Wednesday, 1 June 2005
Distance 16 km
Duration 3 hours 40 minutes
Ascent 137 m, descent 125 m
Map 26 of the
Our plan for the day was to cross back to the Loire on a cycle path that we had been told about. It was not very far, so we rose at a leisurely hour and went back to the village for Bléré coffee and croissants in the square.
My toes were individually wrapped in sticking plaster in an attempt to prevent what had already happened. The only reliable treatment for blisters that I have found is not to get them in the first place.
By the time we got back to the camping ground, the dew had dried from the tent and we set off across the bridge and then on a small side road which took us to connect with the cycle way, marked with green signs.
It was also used by local traffic, but very few cars came past. In fact we met very few of anything.
We walked through rolling fields of grain, then entered a thick forest and stopped for lunch at the junction with a busier road, the one direct from Chenonceaux.
We had to follow this road for a few kilometres until we got close to Amboise, where we escaped onto a tiny street and ended up at the door of the Clos Lucé, the last home of Leonardo da Vinci.
Leonardo lived in this comfortable mansion for three years until his death in 1519, supported by François I, purely to provide the king with daily edifying conversation. We went into the grounds and looked around, then took an alleyway down a steep hill which came out at the back of the royal palace and into tourist bedlam.
A solid line of eateries served the jostling mass, and down along the river it was even worse. As the Office of Tourism was closed for lunch, we sat down at an unspeakable brasserie where the waiters spoke a kind of sneering dog-English.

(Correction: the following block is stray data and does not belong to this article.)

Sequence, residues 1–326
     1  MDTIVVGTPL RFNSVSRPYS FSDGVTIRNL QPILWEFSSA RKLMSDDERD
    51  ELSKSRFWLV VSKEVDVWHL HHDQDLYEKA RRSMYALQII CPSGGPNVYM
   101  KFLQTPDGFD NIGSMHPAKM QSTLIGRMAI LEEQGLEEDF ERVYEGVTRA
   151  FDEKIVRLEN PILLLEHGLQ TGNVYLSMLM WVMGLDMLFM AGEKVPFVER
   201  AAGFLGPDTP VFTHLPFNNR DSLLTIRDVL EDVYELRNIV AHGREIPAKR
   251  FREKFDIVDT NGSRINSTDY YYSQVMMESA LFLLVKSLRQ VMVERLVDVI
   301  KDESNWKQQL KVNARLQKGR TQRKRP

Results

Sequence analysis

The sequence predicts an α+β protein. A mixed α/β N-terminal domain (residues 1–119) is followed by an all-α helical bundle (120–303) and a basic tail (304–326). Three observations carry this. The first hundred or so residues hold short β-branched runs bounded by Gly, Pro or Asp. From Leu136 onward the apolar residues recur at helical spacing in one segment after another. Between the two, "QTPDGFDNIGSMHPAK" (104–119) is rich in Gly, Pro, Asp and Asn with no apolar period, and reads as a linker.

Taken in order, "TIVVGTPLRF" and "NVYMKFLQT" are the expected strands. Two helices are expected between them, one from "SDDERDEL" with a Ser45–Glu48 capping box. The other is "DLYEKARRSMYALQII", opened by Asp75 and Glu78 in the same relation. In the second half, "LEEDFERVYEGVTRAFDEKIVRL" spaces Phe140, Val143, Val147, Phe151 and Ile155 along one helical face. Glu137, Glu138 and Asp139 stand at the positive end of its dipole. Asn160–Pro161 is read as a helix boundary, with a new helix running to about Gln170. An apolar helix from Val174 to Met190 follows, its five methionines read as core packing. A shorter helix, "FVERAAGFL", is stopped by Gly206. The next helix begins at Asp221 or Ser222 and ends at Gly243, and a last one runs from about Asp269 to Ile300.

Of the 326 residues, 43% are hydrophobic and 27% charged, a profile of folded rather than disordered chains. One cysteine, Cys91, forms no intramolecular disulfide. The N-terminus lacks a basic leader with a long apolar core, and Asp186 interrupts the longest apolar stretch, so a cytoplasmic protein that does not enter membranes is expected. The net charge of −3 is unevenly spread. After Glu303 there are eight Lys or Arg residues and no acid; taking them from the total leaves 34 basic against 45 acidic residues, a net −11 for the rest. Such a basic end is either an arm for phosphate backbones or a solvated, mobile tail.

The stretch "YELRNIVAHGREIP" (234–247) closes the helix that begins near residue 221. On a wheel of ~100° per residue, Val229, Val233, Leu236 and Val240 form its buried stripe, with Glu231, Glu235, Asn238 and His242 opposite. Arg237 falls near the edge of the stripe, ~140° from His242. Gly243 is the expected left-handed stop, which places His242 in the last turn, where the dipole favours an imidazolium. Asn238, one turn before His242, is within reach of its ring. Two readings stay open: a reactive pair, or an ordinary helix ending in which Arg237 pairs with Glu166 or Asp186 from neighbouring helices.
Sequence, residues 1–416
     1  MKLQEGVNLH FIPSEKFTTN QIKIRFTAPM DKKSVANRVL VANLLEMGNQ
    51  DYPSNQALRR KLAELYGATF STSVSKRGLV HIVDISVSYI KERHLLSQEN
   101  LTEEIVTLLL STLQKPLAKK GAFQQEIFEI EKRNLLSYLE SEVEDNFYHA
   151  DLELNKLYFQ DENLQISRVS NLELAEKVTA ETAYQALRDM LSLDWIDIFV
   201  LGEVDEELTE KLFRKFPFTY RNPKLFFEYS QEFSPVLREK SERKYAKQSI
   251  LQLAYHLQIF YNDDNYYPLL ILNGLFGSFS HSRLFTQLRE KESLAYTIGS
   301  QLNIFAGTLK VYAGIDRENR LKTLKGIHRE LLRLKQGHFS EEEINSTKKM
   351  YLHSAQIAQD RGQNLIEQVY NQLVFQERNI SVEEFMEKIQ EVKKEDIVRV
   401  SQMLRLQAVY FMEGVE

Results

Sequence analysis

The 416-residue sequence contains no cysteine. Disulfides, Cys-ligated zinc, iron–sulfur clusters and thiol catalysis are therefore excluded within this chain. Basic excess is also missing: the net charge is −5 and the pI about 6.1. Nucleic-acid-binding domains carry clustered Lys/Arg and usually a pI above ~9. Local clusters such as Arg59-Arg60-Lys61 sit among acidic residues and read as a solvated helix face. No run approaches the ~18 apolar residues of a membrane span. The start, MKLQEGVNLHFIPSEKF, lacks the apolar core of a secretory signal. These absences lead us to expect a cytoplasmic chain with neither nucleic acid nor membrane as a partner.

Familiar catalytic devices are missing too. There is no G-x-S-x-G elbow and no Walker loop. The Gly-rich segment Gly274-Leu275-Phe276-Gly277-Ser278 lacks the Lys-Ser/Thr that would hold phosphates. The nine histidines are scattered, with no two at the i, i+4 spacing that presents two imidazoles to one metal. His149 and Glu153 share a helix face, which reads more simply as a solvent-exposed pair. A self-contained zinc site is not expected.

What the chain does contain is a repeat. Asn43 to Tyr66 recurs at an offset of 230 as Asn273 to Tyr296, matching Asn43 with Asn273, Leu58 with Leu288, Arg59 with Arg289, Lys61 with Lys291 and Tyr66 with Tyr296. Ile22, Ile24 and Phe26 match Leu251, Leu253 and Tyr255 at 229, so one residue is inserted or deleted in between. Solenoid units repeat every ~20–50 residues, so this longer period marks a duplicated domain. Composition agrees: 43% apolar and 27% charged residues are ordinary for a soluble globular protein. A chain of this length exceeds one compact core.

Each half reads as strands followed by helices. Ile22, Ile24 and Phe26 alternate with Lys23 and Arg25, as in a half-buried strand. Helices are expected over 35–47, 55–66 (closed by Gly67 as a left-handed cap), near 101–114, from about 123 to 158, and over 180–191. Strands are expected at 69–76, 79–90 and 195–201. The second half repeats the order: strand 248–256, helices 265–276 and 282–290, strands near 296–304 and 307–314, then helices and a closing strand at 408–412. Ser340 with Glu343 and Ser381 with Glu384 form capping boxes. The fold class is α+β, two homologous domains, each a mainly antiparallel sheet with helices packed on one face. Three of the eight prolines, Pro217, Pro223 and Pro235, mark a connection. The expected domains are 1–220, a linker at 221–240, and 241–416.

The coffee took so long to arrive that we were on our feet to leave when it came.
At the Office of Tourism we found out that the camping was on an island in the river, just a short walk over the bridge.
When we got there we had to insist on paying our €8 on the spot, although the woman was doubtful. Correct procedure was to pay as we left, after 8:30 in the morning, when the boom gate opened. She seemed incapable of imagining that we did not have car and would be long gone by 8:30.
We found a delightful grassy spot for our tent, looking over the shallows and sandbanks of the Loire through a screen of trees, with the royal château itself just beyond. The big campervans that required electricity could not use these choice sites. My feet were hurting and I collapsed in the shade for a while before I even had the strength for a shower.
By evening we were greatly restored and very hungry. Leaving our washed clothes fluttering between two trees, we stepped back over the bridge and strolled around the streets, which were emptying quickly as the shops closed.
The restaurant we chose, Le Cadran, had a walled courtyard at the back, painted in Mediterranean style with trompe l’oeuil windows, potplants and a cat.
It was packed with busy diners and we found a table beside a young couple whose nationality we never found out, as they never spoke a word. They seemed to be in the last stages of a marital collapse, and looked everywhere except at each other, with scowling faces.
We had a wonderful meal of omelette, pasta and salad, with two baskets of bread and a jug of wine. As usual, not a particle of food went back to the kitchen, in contrast to our silent neighbours, who sent back most of their beautiful salads.
As we returned over the bridge, the château was lit up rosily by the last rays of the setting sun.